There is only limited evidence that biotin supplementation provides a benefit for hair and nail growth; to date, there are no clinical trials supporting claims that biotin supplementation improves hair and nail growth or quality. (2) In their systematic review, Patel et al found 18 reported cases of biotin use for hair and nail changes. In all cases, patients receiving biotin supplementation had an underlying pathology for poor hair or nail growth. All cases showed evidence of clinical improvement after receiving biotin. The authors concluded: “Though its use as a hair and nail growth supplement is prevalent, research demonstrating the efficacy of biotin is limited. In cases of acquired and inherited causes of biotin deficiency as well as pathologies, such as brittle nail syndrome or uncombable hair, biotin supplementation may be of benefit. However, we propose these cases are uncommon and that there is lack of sufficient evidence for supplementation in healthy individuals.” (5)

Is biotin supplementation dangerous?

No severe toxicities have been reported with biotin supplementation. (2,5) The problems that may occur are related to potentially affecting laboratory tests.

What laboratory studies are potentially affected by biotin administration?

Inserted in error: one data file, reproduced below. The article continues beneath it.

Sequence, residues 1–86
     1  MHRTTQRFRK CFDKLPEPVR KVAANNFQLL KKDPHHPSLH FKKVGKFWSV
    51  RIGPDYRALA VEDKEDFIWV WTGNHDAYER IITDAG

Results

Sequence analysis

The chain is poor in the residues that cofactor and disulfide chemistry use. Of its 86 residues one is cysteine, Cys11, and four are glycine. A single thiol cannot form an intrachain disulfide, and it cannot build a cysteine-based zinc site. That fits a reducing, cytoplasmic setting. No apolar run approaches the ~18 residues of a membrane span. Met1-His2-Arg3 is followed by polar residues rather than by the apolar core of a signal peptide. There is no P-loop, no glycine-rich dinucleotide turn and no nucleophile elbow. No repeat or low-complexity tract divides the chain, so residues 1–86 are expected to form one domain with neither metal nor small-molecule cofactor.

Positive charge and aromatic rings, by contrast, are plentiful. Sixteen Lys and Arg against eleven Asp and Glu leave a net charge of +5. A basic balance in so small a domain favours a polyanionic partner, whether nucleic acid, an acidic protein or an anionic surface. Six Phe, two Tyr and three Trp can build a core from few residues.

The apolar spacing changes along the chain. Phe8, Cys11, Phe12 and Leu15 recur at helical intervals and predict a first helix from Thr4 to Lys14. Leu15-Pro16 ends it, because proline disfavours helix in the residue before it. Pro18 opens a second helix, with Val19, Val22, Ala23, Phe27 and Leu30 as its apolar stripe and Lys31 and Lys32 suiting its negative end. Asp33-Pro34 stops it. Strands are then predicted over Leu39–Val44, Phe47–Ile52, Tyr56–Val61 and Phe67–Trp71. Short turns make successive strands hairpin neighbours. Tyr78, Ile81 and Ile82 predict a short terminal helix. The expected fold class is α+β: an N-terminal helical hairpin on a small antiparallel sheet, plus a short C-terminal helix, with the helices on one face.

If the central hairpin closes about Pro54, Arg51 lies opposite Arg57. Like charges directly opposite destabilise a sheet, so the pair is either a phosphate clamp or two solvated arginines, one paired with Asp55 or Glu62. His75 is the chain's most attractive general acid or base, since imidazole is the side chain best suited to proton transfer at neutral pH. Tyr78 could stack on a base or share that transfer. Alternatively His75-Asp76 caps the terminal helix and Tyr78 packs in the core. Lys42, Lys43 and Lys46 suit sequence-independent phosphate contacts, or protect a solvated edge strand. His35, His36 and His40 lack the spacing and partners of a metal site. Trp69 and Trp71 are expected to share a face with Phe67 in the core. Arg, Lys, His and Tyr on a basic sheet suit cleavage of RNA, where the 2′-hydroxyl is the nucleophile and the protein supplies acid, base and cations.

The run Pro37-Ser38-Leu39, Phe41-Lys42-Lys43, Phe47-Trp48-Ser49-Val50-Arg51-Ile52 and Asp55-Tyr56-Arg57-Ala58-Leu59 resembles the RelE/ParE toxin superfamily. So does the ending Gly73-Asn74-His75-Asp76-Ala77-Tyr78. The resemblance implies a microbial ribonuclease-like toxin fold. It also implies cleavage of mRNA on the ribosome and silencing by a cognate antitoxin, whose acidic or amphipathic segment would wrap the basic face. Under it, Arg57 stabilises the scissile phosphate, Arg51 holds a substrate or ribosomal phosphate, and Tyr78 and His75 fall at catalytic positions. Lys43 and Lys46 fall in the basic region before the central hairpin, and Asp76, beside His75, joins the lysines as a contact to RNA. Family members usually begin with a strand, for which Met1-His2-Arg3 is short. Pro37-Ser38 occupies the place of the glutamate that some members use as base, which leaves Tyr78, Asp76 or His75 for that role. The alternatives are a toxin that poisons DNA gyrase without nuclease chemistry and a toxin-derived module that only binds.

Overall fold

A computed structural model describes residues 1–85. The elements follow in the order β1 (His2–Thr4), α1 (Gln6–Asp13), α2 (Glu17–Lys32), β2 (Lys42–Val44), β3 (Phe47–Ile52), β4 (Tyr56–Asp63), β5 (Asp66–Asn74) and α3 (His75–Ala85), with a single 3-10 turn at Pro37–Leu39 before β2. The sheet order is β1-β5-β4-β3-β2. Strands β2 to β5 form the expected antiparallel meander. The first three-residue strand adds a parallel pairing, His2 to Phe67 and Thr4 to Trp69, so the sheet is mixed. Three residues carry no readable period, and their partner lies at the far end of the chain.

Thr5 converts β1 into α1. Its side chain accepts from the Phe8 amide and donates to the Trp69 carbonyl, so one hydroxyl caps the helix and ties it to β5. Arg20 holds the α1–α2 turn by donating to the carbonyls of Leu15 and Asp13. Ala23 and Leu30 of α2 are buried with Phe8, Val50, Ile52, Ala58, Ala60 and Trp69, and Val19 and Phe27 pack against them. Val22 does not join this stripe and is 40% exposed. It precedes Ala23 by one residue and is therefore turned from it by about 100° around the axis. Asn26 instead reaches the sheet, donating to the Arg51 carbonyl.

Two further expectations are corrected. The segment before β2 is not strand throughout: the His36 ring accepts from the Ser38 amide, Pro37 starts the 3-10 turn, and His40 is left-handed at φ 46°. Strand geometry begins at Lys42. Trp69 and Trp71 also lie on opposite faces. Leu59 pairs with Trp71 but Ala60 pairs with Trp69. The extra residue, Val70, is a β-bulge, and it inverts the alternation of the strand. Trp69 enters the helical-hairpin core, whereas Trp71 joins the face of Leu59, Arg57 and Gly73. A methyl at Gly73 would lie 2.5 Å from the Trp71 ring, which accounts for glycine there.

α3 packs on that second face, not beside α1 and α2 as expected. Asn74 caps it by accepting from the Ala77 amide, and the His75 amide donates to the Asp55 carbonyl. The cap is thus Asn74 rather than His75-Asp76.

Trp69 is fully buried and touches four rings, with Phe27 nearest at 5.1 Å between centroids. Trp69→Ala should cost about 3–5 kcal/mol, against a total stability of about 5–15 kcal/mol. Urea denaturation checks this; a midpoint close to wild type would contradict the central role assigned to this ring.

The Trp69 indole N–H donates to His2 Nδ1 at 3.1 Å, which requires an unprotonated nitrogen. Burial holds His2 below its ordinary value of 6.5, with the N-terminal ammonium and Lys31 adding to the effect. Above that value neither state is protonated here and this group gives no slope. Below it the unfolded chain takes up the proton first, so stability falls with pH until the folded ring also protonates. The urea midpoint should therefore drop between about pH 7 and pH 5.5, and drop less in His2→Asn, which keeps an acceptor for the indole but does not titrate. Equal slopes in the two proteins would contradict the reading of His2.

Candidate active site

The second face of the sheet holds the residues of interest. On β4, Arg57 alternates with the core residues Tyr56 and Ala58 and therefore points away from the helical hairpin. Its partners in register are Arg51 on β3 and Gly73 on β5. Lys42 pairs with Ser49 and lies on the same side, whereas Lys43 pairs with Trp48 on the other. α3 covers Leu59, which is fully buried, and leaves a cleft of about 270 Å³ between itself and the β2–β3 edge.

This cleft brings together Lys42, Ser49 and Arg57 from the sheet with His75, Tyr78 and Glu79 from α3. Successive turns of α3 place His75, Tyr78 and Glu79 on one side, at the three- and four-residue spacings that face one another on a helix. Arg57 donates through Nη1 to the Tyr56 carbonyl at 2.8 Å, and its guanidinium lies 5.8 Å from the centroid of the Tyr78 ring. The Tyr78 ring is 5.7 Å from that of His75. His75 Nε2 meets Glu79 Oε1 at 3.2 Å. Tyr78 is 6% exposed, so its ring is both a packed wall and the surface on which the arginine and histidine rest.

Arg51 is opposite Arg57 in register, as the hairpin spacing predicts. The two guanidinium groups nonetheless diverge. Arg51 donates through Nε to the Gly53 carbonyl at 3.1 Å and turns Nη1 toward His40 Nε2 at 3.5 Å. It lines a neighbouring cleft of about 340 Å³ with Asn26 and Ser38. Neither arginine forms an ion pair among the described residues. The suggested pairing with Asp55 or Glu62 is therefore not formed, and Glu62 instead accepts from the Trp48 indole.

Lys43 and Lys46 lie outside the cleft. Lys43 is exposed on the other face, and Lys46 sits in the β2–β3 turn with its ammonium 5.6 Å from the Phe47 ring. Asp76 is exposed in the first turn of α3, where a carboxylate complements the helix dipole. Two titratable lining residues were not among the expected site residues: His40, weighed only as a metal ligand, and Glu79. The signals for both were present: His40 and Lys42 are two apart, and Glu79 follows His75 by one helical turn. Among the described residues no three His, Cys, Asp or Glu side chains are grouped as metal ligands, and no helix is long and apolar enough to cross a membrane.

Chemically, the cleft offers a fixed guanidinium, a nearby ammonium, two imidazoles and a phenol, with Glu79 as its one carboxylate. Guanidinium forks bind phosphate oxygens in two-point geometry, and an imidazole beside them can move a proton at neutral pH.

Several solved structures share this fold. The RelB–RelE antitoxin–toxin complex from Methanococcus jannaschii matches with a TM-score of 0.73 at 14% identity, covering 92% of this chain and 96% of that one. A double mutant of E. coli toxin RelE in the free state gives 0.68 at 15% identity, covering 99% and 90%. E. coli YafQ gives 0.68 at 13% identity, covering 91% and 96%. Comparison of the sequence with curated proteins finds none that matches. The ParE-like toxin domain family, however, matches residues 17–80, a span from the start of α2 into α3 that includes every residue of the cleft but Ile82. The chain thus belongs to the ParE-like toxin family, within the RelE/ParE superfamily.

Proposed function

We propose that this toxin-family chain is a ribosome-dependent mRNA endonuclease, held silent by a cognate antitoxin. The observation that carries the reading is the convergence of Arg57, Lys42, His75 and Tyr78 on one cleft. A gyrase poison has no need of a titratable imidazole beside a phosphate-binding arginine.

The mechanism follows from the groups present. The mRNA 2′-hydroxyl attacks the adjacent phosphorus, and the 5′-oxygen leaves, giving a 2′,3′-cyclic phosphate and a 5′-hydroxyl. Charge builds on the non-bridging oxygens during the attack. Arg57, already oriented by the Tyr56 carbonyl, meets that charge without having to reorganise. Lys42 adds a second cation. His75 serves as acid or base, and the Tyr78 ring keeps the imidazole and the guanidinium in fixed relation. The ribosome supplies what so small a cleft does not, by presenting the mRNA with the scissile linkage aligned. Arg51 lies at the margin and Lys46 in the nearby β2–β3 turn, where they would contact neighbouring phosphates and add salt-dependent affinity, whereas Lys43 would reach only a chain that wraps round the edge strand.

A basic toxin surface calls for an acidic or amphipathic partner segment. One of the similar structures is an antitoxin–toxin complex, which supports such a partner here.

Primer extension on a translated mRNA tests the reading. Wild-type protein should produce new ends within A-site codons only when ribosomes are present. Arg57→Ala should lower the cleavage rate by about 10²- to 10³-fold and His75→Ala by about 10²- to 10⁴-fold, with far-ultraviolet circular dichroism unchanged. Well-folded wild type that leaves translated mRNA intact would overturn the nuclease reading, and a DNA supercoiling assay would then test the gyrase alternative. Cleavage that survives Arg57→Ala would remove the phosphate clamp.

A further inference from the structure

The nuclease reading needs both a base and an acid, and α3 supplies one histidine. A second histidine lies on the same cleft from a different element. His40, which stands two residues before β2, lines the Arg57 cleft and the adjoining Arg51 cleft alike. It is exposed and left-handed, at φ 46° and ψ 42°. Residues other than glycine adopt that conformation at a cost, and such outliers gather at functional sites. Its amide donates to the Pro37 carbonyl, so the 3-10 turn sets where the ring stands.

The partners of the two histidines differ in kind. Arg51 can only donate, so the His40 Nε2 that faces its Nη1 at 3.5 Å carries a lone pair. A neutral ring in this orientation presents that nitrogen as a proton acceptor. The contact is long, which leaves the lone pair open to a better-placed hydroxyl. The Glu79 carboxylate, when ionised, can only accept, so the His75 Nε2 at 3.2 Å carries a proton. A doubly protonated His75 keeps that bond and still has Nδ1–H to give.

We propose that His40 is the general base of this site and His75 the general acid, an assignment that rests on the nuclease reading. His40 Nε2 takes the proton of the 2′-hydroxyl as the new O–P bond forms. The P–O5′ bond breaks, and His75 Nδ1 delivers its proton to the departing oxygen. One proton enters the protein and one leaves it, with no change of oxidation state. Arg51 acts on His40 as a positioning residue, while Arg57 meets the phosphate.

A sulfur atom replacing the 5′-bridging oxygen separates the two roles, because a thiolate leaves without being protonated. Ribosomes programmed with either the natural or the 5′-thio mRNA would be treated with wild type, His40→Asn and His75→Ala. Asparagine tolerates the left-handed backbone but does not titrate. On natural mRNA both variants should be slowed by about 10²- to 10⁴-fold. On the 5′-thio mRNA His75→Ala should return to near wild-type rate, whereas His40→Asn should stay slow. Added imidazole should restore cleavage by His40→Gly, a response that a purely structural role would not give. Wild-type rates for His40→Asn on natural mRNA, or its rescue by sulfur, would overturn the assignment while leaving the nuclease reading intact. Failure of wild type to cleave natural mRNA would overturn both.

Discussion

Biotin administration may adversely affect immunoassays that are streptavidin/biotin-based. Results may be falsely high or low. (6) On Nov. 28, 2017, the FDA warned that biotin could interfere with lab tests. The following is a quote from the warning: “Biotin in patient samples can cause falsely high or falsely low results, depending on the test. Incorrect test results may lead to inappropriate patient management or misdiagnosis. For example, a falsely low result for troponin, a clinically important biomarker to aid in the diagnosis of heart attacks, may lead to a missed diagnosis and potentially serious clinical implications. The FDA has received a report that one patient taking high levels of biotin died following falsely low troponin test results when a troponin test known to have biotin interference was used.” (7)